Kevin Rudd has stepped down, making Julia Gillard the 27th Prime Minister of Australia.
She told reporters that she was honoured to be in the top job.
Wayne Swan is the new Deputy Prime Minister after the pair were elected by the Labor caucus unopposed.
At ten to ten, Gillard was filmed leaving the meeting, saying there would be a full statement shortly.
After the bloodless coup, Kevin Rudd left the meeting with Defence Minister and ALP veteran John Faulkner at his side.
He later gave an emotional speech.
Small Business Minister Craig Emerson, who had supported Rudd, said the party would get behind her as one.
"Julia Gillard is prime minister and we will all completely and fully support her," he told reporters.
Victorian Premier John Brumby backed Gillard on Sky News.
"I think she'll be a fantastic Prime Minister...I look forward very much to working with herr", she said.
Senior Labor figures earlier said that more than 70 of 112 votes in the Labor caucus would go to Gillard in her bid to defeat Kevin Rudd.
But in the end, the vote was not needed, with Rudd stepping aside.
Ministers split ways
At 9am, Gillard was filmed arriving for the spill, on the verge of being the country's first female Prime Minister after last night telling Rudd she wanted to challenge him.
Environment Minister Peter Garrett was also quoted complimenting Gillard, despite originally backing Rudd.
Foreign Minister Stephen Smith was rumoured to be backing Gillard, while Climate Change Minister Penny Wong was said to also be behind the current Deputy.
Karen Middleton said that MP Jim Turnour, whose seat is under threat, was sticking with Rudd.
Small Business Minister Craig Emerson also threw a rare portfolio behind the PM.
Finance Minister Lindsay Tanner was not involved - and he will reportedly not be moving into the Treasury as he may have hoped, a possible result of professional ill-feeling between himself and Gillard.
Instead, Swan is tipped to keep hold of the portfolio. Sky News reported that he will be travelling to the G20 meeting in Toronto in place of Gillard tomorrow.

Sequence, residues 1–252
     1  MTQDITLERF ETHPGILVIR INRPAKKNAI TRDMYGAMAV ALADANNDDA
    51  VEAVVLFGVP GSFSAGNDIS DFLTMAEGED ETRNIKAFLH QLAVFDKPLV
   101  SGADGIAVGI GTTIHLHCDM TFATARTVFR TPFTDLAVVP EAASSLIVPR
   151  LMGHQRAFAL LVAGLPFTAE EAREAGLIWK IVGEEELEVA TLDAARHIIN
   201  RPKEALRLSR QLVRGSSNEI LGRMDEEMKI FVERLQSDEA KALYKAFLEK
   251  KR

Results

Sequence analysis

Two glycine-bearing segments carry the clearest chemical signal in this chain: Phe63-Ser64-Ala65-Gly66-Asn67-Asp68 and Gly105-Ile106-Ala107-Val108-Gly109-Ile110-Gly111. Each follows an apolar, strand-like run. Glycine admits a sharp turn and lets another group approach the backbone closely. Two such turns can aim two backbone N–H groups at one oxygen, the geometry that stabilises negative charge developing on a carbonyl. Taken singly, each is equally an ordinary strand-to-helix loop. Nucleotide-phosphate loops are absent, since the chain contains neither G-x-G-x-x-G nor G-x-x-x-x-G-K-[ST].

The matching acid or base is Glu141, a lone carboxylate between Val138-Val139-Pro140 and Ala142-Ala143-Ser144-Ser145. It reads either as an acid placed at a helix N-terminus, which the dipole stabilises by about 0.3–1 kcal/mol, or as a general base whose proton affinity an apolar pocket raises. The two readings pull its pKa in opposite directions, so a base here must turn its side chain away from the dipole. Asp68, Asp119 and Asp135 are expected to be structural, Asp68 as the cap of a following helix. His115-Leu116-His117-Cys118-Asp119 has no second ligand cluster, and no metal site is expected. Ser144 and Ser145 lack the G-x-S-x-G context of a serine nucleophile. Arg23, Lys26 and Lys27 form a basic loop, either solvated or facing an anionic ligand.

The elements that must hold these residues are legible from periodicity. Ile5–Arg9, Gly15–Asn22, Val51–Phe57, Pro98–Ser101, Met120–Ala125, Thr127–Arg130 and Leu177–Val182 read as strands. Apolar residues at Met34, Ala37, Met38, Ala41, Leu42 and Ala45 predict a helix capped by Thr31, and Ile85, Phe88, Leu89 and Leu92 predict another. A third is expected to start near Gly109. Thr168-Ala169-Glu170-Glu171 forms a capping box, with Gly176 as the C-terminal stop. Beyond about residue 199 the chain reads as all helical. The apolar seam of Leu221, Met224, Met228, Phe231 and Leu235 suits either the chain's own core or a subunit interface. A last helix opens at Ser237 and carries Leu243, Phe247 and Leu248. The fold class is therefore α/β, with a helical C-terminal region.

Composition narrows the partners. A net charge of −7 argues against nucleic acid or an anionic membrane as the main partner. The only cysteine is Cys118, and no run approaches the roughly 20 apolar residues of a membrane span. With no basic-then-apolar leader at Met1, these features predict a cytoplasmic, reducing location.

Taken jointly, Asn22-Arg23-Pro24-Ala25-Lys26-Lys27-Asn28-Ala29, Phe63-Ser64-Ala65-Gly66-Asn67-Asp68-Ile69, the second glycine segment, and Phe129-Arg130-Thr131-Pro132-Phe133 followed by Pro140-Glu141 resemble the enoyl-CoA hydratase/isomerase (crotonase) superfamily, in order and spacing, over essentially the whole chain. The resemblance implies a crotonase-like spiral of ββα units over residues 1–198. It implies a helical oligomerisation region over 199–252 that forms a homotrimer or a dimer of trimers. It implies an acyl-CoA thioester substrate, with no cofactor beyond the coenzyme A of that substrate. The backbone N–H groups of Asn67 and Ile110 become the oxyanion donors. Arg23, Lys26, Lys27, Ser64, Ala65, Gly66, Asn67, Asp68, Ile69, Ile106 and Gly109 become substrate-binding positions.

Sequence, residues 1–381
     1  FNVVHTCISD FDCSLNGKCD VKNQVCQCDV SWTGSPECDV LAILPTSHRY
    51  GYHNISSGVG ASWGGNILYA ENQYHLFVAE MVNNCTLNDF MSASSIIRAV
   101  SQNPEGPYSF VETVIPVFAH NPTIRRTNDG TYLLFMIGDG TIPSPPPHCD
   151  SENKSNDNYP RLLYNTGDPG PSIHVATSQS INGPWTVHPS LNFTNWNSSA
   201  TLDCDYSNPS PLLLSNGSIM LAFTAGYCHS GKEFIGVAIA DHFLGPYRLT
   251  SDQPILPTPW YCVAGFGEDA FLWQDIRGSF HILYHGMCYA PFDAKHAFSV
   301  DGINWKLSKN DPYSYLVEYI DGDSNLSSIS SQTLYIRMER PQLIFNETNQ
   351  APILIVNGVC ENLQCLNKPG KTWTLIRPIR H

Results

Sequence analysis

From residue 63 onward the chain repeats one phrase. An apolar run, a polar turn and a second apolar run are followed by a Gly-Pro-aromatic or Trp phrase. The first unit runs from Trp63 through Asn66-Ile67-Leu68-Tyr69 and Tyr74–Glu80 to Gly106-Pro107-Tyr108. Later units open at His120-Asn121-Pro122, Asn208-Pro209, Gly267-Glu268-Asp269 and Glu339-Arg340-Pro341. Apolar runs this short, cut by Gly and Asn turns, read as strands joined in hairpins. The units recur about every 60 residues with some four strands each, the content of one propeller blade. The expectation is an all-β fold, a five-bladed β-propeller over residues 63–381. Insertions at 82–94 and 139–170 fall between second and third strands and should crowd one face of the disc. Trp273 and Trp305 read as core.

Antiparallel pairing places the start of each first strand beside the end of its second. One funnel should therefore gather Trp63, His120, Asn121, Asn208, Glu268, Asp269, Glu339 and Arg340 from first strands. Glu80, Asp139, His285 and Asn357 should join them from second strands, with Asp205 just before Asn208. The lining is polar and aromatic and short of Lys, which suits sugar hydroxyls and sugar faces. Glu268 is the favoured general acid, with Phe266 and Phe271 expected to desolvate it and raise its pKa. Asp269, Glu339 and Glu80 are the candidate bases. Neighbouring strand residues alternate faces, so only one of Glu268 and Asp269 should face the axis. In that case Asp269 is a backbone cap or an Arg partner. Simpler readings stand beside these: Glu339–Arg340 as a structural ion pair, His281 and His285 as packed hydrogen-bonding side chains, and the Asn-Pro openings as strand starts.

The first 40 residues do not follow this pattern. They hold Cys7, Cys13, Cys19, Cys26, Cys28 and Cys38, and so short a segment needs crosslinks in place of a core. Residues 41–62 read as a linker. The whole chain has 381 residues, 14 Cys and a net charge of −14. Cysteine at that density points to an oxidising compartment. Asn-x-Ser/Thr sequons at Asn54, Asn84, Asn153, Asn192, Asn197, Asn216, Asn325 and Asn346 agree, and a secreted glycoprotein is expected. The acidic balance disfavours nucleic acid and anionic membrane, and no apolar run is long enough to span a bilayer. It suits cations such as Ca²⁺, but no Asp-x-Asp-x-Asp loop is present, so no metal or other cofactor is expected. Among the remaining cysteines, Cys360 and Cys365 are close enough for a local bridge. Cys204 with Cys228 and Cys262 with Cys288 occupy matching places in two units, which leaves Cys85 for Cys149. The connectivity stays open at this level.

Swan's defection to the Gillard camp comes despite backing Rudd to stay on as early as the start of last week.
Unions behind the scene
Analysts say the problem for Gillard may be that the unions were so heavily involved in her running, with the Victorian right urging her to act.
Yesterday, powerful AWU boss Bill Ludwig told the ABC Mr Rudd is "toxic", signalling strong Union support for Gillard.
"We have a better chance of holding government with Julia Gillard that we would have with Rudd," Mr Ludwig said.
Former Premier Peter Beattie backed Ms Gillard, telling the ABC "she is a very talented woman".
Transport Union boss Hughie Williams predicted Ms Gillard would prevail.
"It's quite obvious they have the numbers. We'll have a new prime minister of Australia," Mr Williams said.
But crucially, Gillard also had the support of the right.
And at the core of the challenge is Kevin Rudd's famously poor support base within his party.
A recent Essential poll found the Liberal Party may have a tough time with Gillard, who has made strong ground amongst voters.
Opposition grumble on sidelines
Queensland Senator Barnaby Joyce said the overnight coup attempt against Mr Rudd has been engineered by factional leaders who have taken over the running of the country.
"It is running on auto-pilot in the face of faceless people and faceless men who (were) never elected," Senator Joyce said.
"We're basically realising that the whole direction and metaphor of this government was flawed and we're off to - gosh only knows."
Wilson Tuckey reiterated that the speed of the challenge shows the power of the unions within the Labor Party.